he was a child prodigy destined for greatness. he only needed one name. he was a pioneer of the personality-as-commodity school of celebrity. and, as he was so fond of saying, he didn't give concerts -- he put on a show.
last weekend i took a road trip to blazing hot las vegas to see the liberace museum. my pals catherine and julie cooked up this idea at cat's birthday party a few weeks ago, so we did not take the beast but instead rode in the air-conditioned comfort of cat's honda. not sure why i decided to go along, as i'm not particularly a fan of "mr. showmanship" -- the flashy pianist who was the greatest entertainer of someone's generation, but not mine. in fact, i didn't really know much about him. but suddenly we all really wanted to see the museum before it closes on october 17, due to declining attendance and the liberace foundation's desire to focus on its work providing scholarships to students in the arts. which, especially in this day and age, is more important. (the collection will live on as a touring exhibition, according to the foundation's official press release.)
in life, walter "lee" liberace (who died in 1987 and was for two decades the highest paid entertainer in the world) assumed such sobriquets as "the glitter man" and "mr. showmanship," but his retconned catchphrase is "the king of bling." it's all over what's left of the merch in the gift shop -- postcards, stand-ups, refrigerator magnets, t-shirts, etc. and once you get a load of his mirrored automobiles, mirrored pianos, and elaborately sequinned costumes, it's hard to argue with that.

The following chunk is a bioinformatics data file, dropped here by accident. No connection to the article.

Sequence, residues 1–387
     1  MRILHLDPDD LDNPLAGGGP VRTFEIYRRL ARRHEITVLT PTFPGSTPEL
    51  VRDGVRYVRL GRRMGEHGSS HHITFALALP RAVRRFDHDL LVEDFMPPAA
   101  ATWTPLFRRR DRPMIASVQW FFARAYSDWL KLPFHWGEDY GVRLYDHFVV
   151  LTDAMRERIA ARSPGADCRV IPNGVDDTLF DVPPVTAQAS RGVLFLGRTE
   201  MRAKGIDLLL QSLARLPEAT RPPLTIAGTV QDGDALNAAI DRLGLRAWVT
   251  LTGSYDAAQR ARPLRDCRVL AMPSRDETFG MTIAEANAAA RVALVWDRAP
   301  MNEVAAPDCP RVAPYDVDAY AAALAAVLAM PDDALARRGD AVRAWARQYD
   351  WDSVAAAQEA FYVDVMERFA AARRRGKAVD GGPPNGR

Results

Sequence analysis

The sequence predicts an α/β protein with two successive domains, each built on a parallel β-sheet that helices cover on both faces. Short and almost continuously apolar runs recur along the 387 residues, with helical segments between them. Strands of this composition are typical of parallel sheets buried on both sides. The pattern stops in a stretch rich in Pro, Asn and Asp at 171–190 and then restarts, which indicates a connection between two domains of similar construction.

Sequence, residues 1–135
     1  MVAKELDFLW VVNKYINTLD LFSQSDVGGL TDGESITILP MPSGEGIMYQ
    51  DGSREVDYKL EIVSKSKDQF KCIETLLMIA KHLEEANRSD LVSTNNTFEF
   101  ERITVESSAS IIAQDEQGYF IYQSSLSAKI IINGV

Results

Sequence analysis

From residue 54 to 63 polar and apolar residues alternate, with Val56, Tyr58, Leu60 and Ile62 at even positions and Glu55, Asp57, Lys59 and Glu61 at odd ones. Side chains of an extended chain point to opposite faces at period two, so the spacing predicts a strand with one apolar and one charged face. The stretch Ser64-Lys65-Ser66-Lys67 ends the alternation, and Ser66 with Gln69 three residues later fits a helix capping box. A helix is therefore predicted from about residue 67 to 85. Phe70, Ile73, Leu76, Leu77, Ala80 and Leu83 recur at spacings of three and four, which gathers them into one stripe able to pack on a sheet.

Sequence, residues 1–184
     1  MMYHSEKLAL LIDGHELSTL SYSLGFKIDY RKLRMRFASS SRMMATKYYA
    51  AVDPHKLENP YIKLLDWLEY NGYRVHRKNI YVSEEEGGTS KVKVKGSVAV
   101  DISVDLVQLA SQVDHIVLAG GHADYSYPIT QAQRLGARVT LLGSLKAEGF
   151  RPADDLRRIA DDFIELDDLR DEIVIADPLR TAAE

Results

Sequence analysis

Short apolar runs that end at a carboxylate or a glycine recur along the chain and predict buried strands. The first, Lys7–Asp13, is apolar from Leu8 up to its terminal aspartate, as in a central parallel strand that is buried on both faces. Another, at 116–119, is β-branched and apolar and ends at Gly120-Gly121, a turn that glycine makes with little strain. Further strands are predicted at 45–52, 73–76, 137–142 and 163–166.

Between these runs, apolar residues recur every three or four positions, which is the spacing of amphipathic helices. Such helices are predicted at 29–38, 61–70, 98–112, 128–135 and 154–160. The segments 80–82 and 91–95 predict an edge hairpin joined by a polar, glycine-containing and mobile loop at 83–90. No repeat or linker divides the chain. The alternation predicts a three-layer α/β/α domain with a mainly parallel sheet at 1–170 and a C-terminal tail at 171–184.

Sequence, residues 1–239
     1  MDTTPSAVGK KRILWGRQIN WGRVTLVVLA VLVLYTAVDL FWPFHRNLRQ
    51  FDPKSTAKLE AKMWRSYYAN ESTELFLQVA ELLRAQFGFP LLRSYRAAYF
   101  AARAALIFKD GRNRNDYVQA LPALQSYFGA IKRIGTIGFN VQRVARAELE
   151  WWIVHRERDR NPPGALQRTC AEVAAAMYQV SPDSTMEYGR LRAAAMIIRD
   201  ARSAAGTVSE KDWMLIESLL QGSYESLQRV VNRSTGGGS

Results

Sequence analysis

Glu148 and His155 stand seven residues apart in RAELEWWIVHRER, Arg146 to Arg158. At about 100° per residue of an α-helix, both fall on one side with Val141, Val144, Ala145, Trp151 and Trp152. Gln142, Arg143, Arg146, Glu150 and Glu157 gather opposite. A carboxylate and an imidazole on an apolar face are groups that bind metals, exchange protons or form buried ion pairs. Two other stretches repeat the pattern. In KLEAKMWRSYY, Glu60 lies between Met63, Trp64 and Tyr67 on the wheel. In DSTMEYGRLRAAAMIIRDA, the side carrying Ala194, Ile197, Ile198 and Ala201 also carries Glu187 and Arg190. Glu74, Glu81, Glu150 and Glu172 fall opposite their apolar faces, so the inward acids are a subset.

the museum is in two buildings in a corner strip mall on east tropicana avenue. liberace's music -- a blend of classical and pop revered by his fans and often reviled by critics -- wafts through both spaces, delicate and light-as-air, playful and unfailingly joyful. one building displays his cars and his pianos, the other one presents his costumes and jewelry, a little bit of furniture, and walls full of awards.
cat insisted there was no way he could possibly drive the mirror-encrusted roadster shown above, because it would blind people! also among the auto collection is his 1972 gold metal flake bradley gt (with a silver candelabrum etched on each side), his custom-made mirrored rolls royce (with convenient one-man bar in the back seat), an old british taxi with a working meter (which the info card said he occasionally used to pick up friends at the palm springs airport), and a pink vw pimped out like a rolls royce.
the pianos include a mirrored grand and a vintage player piano customized with mirrored tiles and other flourishes. another one is painted a deep blue to match one of his outfits. my favorite was this elaborately painted number that was featured in the 1945 film a song to remember -- about the life of frederic chopin, who was of polish origin like liberace. it inspired the budding mr. showmanship to create his famous candelabra-on-piano stage settings, and he bought the movie piano later on as a memento.